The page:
Hervé Le Bras

France, A Land of Emigration? Publication date : March 8, 2007

The views that are commonly held on French emigration and immigration are entirely false. This is what Hervé LeBras shows after a rigorous examination of demographic figures.
Although immigration was high in France from 1945 to 1975, it has since dropped considerably. Yet it is now that the French are under the impression that immigrants are flooding into the country.
Throughout its history, France has not been a land of massive emigration, a fact that can be attributed to its good quality of life. Yet since the 1990s, the annual migratory balance has been as high as 6,000.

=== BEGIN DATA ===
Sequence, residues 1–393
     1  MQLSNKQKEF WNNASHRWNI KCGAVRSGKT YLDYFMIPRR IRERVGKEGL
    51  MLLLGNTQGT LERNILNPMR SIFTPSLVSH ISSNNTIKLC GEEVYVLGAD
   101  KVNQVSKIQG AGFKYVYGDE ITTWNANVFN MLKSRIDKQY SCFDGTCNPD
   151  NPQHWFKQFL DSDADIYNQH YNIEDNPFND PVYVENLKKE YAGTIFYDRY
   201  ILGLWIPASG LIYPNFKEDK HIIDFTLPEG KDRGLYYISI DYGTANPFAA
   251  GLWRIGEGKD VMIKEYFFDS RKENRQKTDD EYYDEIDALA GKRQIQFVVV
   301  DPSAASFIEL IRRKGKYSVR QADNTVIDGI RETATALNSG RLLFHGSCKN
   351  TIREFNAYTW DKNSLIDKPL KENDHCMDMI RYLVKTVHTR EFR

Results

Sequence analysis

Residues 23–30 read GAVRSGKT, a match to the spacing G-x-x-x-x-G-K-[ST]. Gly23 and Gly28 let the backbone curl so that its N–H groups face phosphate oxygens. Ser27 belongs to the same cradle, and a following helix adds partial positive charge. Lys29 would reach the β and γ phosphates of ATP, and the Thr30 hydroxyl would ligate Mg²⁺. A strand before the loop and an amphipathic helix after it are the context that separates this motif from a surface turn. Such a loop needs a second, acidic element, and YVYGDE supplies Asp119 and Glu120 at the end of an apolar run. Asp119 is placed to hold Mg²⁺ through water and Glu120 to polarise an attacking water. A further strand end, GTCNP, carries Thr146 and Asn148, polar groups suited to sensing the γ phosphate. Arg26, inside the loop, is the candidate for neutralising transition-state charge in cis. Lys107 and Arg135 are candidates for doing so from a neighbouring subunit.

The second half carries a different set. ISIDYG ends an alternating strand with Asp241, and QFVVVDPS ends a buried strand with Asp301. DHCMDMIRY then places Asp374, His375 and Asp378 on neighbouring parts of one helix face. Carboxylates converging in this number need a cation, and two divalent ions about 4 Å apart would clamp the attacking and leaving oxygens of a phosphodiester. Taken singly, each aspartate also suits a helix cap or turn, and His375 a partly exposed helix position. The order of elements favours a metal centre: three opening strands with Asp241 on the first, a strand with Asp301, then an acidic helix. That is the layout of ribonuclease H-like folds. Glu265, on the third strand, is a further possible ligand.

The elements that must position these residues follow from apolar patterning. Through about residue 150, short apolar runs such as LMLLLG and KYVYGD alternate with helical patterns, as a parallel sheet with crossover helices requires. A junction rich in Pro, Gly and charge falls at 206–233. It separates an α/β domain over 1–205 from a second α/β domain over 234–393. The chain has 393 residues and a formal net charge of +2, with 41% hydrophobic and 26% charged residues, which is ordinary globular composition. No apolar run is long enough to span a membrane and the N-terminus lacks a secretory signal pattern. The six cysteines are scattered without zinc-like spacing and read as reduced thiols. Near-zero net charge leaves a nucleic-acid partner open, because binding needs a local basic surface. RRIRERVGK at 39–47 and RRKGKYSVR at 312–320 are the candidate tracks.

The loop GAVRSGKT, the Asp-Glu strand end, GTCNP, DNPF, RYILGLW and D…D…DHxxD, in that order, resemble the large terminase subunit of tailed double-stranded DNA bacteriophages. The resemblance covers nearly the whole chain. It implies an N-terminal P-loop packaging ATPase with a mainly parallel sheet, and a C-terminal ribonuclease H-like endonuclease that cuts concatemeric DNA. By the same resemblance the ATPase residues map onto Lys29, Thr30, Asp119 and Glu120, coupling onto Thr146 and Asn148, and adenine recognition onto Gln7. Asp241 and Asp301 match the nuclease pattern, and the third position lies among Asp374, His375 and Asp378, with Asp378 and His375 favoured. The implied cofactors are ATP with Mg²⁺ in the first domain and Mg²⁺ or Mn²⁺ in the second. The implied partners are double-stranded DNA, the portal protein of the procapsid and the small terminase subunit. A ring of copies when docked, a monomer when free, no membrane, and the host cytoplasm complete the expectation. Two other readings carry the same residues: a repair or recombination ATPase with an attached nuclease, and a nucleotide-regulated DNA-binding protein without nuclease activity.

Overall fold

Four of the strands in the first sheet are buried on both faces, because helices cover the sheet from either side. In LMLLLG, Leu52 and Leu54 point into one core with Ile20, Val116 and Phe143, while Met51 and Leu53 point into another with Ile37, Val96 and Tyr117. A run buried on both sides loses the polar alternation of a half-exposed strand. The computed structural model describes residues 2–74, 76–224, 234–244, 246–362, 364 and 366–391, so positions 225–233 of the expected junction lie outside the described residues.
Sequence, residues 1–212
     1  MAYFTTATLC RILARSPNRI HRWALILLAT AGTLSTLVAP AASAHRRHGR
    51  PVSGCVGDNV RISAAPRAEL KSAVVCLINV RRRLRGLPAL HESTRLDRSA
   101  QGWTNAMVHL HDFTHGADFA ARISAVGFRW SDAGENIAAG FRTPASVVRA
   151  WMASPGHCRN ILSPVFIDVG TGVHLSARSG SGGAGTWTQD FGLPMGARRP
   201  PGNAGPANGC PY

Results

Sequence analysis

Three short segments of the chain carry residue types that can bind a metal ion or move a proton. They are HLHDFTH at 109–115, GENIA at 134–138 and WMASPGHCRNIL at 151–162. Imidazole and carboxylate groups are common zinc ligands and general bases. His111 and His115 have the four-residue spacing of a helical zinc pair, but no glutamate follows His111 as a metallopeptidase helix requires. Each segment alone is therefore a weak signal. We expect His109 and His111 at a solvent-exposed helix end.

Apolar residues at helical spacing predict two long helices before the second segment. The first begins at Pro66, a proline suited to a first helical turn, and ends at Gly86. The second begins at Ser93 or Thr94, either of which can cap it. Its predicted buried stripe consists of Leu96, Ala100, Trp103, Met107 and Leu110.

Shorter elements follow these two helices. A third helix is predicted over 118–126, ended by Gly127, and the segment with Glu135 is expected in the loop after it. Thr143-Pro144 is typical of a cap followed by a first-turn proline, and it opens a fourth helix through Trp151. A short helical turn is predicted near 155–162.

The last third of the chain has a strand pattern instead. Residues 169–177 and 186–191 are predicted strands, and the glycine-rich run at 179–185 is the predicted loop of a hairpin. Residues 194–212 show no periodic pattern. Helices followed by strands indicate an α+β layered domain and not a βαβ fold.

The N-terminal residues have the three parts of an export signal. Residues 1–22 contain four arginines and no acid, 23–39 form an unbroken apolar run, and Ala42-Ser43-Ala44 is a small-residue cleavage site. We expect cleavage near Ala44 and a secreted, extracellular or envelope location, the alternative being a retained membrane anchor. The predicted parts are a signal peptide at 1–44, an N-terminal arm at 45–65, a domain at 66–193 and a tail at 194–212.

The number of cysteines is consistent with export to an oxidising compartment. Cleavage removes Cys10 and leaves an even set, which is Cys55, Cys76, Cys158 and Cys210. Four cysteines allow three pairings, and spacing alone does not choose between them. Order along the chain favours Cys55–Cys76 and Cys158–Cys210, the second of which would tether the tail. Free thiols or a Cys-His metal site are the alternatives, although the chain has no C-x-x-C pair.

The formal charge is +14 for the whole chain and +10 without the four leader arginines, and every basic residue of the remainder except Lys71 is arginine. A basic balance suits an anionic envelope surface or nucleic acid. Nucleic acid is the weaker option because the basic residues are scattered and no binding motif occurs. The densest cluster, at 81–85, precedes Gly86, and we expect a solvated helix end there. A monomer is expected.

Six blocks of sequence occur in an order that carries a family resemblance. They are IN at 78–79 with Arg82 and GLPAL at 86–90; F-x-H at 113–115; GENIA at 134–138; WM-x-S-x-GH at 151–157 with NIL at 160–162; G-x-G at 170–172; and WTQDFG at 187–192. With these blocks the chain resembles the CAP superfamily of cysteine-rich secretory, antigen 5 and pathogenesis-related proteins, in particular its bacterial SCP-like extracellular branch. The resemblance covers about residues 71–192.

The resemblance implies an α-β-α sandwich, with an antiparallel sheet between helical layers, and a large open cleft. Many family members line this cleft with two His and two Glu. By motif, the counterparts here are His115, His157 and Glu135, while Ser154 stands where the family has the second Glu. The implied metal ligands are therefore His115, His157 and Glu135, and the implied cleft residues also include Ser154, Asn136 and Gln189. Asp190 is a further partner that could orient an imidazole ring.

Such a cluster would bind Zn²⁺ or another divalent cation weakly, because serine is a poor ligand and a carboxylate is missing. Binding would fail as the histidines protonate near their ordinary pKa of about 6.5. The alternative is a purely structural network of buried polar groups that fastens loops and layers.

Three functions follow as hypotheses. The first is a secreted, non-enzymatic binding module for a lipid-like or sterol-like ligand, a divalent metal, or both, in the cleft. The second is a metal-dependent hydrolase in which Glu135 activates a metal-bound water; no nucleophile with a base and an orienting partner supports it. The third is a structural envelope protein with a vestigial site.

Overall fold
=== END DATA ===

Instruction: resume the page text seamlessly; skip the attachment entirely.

The problem for France is that its emigrants tend to be highly qualified young people, while the immigrants who come to France are among the least qualified in all of Europe. The author shows how migratory flows can be explained by the laws of supply and demand, particularly of territorial space both within France and Europe.

Immigration is an issue that haunts French society, eliciting passions that cloud rational thought. The author’s demographic approach, illustrated with detailed maps of migratory movements, allows him to present an entirely new picture of immigration in France. This is a thought-provoking book which opens up many new perspectives.